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BUSINESS GUARDIAN www.guardian.co.tt OCTOBER 2013 • WEEK ONE
It is a remarkable achievement. Amid
the longest oil boom in history,
Venezuela has in many respects the
worst-performing economy in the
Americas, even though it claims to
have the world s biggest oil reserves and gets
94 per cent of its export earnings from it.
That is the legacy of 14 years of "21st-
century socialism" under the late President
Hugo Chávez. Inflation is more than 45 per
cent a year and supermarket shelves are bare
of many staple goods. Even Finance Minister
Nelson Merentes concedes that Chávez s rev-
olution has yet to achieve economic success.
Even so, oil revenues of US$90 billion a
year allow President Nicolás Maduro, Chávez s
chosen successor, the luxury of debating
whether or not to change course.
After contracting for several months, the
Venezuelan economy grew in the second
quarter. August s inflation of three per cent
was half the monthly rate in May. Nonethe-
less, most economists do not believe that a
sustainable recovery has begun.
The growth spurt appears to come from
a fiscal splurge: The budget deficit is probably
around ten per cent of GDP. A decade and
a half of hyper-regulation, including ever-
more-stringent price-and-exchange controls,
has inflicted "terrible distortions" which will
be hard to correct, even given the political
will, says José Manuel Puente of IESA, a busi-
ness school in Caracas.
Foreign exchange largely has been allocated
by government fiat since 2003. On the black
market the dollar commands more than six
Maduro's balancing act
times the official exchange rate of 6.3 bolivares. The
government handed out more hard currency in the
second quarter, which may have boosted growth.
Merentes is more pragmatic than his predecessor,
Jorge Giordani, a Utopian Marxist. Following a 32 per
cent devaluation in January, there is talk of another,
or even of floating the bolívar, though Giordani, who
is now planning minister, opposes this. Opportunists
who delight in the profits to be made from graft and
arbitrage, are happy to go along with him.
The government s main response to the scarcity of
food, and other staples such as toilet paper and tooth-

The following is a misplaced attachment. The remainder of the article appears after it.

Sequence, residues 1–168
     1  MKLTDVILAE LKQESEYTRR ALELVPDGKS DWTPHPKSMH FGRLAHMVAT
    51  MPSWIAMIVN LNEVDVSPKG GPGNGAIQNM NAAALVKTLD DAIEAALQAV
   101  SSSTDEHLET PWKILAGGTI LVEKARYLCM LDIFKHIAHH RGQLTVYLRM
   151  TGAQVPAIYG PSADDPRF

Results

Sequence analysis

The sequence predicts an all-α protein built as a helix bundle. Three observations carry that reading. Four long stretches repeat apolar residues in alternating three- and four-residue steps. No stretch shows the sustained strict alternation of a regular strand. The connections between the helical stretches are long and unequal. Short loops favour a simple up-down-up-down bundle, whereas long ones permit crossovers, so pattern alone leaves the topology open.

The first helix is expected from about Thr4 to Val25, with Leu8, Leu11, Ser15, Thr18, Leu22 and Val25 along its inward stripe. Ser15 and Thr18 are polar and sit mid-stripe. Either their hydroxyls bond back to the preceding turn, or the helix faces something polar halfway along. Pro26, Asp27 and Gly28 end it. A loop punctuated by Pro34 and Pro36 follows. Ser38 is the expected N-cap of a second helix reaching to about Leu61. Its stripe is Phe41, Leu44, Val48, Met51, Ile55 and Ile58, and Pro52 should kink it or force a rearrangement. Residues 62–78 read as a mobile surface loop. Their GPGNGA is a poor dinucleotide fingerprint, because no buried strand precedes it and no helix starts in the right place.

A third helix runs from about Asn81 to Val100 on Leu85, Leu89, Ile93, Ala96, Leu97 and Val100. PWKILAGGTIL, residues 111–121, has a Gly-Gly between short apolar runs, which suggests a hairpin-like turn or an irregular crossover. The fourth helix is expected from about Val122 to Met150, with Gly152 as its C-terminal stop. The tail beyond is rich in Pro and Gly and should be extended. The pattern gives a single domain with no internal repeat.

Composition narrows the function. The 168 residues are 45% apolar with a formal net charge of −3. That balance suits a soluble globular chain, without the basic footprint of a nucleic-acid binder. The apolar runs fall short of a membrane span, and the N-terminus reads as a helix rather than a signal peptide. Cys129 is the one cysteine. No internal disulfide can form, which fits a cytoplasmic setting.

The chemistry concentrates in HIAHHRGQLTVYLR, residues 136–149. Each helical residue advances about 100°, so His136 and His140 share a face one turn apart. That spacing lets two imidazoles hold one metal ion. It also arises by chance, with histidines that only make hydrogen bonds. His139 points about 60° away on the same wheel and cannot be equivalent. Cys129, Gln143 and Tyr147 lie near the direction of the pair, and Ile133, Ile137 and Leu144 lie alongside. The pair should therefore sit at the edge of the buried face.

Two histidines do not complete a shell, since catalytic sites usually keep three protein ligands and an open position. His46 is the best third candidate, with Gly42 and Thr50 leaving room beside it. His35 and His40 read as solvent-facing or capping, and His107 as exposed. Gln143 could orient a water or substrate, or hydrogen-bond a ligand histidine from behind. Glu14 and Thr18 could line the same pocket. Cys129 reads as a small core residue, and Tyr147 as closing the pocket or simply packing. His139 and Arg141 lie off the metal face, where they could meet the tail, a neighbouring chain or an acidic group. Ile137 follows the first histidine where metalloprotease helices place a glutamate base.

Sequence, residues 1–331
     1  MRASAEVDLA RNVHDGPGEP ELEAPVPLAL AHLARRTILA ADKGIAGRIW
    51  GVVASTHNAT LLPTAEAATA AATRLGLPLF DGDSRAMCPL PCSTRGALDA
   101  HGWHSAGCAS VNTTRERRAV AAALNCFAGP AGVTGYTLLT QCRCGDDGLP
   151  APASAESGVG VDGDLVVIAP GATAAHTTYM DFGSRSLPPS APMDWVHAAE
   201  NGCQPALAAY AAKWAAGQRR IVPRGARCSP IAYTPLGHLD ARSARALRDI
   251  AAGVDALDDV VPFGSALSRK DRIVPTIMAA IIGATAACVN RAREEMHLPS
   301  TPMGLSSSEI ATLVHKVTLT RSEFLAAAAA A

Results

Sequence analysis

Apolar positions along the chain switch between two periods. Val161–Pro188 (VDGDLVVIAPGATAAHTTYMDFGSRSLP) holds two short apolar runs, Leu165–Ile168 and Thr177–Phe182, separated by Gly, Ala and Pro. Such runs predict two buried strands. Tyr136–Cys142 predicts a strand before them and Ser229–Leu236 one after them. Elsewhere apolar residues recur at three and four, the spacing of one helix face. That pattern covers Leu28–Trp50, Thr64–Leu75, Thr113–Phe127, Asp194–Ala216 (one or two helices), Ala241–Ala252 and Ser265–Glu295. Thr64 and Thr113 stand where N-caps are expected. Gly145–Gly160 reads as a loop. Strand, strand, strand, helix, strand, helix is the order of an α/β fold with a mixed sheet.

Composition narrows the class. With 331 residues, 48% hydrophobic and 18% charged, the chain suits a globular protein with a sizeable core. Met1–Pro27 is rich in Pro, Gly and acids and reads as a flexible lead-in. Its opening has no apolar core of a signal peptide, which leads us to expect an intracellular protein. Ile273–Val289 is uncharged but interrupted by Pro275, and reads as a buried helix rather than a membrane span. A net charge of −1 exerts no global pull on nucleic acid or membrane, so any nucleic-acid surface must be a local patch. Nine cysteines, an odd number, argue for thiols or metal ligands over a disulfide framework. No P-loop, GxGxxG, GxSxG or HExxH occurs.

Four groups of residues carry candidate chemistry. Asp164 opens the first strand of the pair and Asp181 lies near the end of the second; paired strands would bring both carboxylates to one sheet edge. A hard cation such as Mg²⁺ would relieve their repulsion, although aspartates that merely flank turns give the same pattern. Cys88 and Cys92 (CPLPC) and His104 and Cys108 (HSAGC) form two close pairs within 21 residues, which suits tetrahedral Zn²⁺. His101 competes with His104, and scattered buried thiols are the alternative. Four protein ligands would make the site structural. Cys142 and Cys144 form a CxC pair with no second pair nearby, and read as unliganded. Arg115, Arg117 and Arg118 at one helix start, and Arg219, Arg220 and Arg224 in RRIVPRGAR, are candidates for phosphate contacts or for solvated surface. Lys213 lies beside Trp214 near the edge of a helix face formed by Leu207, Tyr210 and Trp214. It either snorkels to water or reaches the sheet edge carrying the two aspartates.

paste, is a conspiracy theory. It blames an "economic
war" waged by the United States and its "fascist" allies
in the Venezuelan opposition. On September 20 it sent
the National Guard to occupy a big toilet-paper factory.
Officials said that the "temporary" takeover was needed
to check for irregularities in production and distribu-
Maduro claimed recently that, in meetings at the
White House earlier this year, a plan was hatched to
engineer the "total collapse" of the Venezuelan economy
in October. A huge power failure affecting 18 out of
24 states on September 3 was due to sabotage, he said,
as was a 2012 refinery explosion that killed 49 people.
This month he set up an army-backed task force to
tackle the supposed plot, with the help of a hotline,
The president has produced not a scrap of evidence
for these claims, but the private sector wearily promised
After all, one business leader said, "we already face
50 to 100 inspections a month of various kinds, so
what is one more?"
While regime leaders squabble over how best to
conserve the legacy of Chávez---now referred to, North
Korean-style, as "the eternal leader"---economists
debate how long Venezuela s foreign-currency reserves
can stand the current rate of attrition. They have plum-
meted by around a quarter this year, thanks in part
to the fall in the price of gold, which makes up most
of Venezuela s reserves. Liquid reserves amount to less
than a month s imports.
There could be another US$20 billion or so in opaque,
off-budget funds, but as much as a third of that may
be earmarked for specific projects. This week Maduro
was in Beijing, where he confirmed a fresh US$5 billion
credit line, with strings attached, and US$15 billion in
long-term oil and mining investments.
The pragmatists argue that an adjustment is unavoid-
able. Maduro faces local elections on December 8,
however, which are widely viewed as a plebiscite on
his rule. The pollster IVAD recently found that two-
thirds of those it surveyed saw the economy as being
in bad shape; and they blamed the government. Less
than four per cent believed the official line about "sab-
Maduro is caught in a trap of his predecessor s mak-
ing. If he sticks to the recipes of the radicals, the econ-
omy will only worsen. If he abandons them, he risks
being labeled a reformist traitor and exacerbating fac-
tion-fighting within the regime.
For the moment he is moving cautiously in the
direction of reform, even as he bangs the revolutionary
drum and cracks down on dissent. For the president,
who recently managed to fall off a bicycle on live tel-
evision, it is a tricky balancing act.
@2013 Economist Newspaper Ltd. (Distributed
by the New York Times Syndicate.)
Nicolás Maduro, president of Venezuela
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